Rolling Stone lists Fela, Burna Boy among 200 greatest singers

Burna Boy and Fela Kuti are the only Nigerian musicians on Rolling Stone’s Greatest Singers List, which began in 2008 and has since drawn the ire of Celine Dion’s fans for leaving her out this year.

The Canadian singer’s fans have expressed their outrage over the New Year’s Day list compiled by the outlet’s editors in an article titled “200 greatest singers of all time”, with Aretha Franklin, Whitney Houston, Sam Cooke, Billie Holiday, and Mariah Carey rounding out the top five.

However, many fans were quick to point out that Celine had been snubbed, as were Diana Ross, Dionne Warwick, and Jennifer Hudson.

However, Nigerian music star Burna Boy and Afrobeat legend Fela Kuti made the list.

Rolling Stone claims that the singers on the list were judged on originality, influence, catalogue depth, and the breadth of their musical legacy.

“In all cases, what mattered most to us was originality, influence, the depth of an artist’s catalogue, and the breadth of their musical legacy,” the outlet stated

The platform says the list differs from the Greatest Voices List. “Talent is impressive; genius is transcendent. Many people here were born with massive pipes, perfect pitch, and boundless range. Others have rougher, stranger, or more delicate instruments.”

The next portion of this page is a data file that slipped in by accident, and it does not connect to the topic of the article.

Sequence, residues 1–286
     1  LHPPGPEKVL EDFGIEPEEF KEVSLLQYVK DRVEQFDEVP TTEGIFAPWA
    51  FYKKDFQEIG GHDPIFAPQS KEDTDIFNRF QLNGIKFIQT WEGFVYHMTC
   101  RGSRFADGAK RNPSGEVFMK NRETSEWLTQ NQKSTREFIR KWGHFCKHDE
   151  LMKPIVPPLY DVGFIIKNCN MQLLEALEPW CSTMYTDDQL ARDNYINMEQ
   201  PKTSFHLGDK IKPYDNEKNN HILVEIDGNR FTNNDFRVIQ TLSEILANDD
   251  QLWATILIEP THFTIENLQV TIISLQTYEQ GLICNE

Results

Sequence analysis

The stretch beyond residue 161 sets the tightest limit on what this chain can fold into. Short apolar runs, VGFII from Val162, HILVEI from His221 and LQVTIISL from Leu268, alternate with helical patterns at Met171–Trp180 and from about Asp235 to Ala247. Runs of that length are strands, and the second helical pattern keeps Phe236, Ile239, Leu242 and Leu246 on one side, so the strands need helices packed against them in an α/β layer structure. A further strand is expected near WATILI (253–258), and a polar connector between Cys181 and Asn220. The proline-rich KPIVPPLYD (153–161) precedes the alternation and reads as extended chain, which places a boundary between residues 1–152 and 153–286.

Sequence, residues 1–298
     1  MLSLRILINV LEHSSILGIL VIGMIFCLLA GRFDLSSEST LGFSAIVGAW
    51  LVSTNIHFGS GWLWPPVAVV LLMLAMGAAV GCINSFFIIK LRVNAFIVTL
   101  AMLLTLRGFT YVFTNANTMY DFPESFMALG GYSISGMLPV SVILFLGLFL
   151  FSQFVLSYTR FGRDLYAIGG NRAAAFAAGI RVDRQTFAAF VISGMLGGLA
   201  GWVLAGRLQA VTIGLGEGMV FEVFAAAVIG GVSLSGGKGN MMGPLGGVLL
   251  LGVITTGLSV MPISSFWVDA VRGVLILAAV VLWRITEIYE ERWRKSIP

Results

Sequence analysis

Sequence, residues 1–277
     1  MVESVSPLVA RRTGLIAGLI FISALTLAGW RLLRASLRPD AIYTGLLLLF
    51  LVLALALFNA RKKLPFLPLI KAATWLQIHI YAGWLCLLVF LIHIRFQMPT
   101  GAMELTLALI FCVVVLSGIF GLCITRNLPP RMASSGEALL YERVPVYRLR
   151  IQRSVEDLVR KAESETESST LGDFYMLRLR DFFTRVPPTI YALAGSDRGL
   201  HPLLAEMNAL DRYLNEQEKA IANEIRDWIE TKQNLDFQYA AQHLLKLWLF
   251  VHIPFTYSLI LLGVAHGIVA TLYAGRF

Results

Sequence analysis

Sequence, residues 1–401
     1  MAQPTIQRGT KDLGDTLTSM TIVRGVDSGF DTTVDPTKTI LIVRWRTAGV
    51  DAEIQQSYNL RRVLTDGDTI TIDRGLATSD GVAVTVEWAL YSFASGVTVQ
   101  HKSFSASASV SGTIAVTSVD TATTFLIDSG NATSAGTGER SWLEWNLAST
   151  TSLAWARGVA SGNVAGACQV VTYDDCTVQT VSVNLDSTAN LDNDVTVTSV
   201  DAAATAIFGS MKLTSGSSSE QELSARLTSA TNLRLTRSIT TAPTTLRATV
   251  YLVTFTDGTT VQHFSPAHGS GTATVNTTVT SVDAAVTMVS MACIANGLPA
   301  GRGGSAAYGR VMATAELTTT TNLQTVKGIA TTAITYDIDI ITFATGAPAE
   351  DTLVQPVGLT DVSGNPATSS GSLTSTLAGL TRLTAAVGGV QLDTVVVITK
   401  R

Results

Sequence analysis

Burna Boy is at number 197 position on the list and the magazine described the ‘African Giant’ as an “ambassador of Afrobeats as a global movement”. Adding that “he is the ambassador of Afrobeats as a global movement that can feel equally at home climbing the European charts and maintaining a subtle emotional connection with past African genres”.

For Fela Kuti, ranked 188 on the list, the publication described the late icon as an Innovator for the high life, “Fela Kuti’s iconic songs of the 1970s and 1980s are sprawling orchestral instrumentals, an innovative swirl of African highlife, American soul, and Jazz.”

Describing his political influence through his music, they wrote, “Through his music, he shared an anti-colonialist, Pan-African vision and challenged Nigeria’s corrupt military government, which routinely subjected him and those around him to immense harm.”



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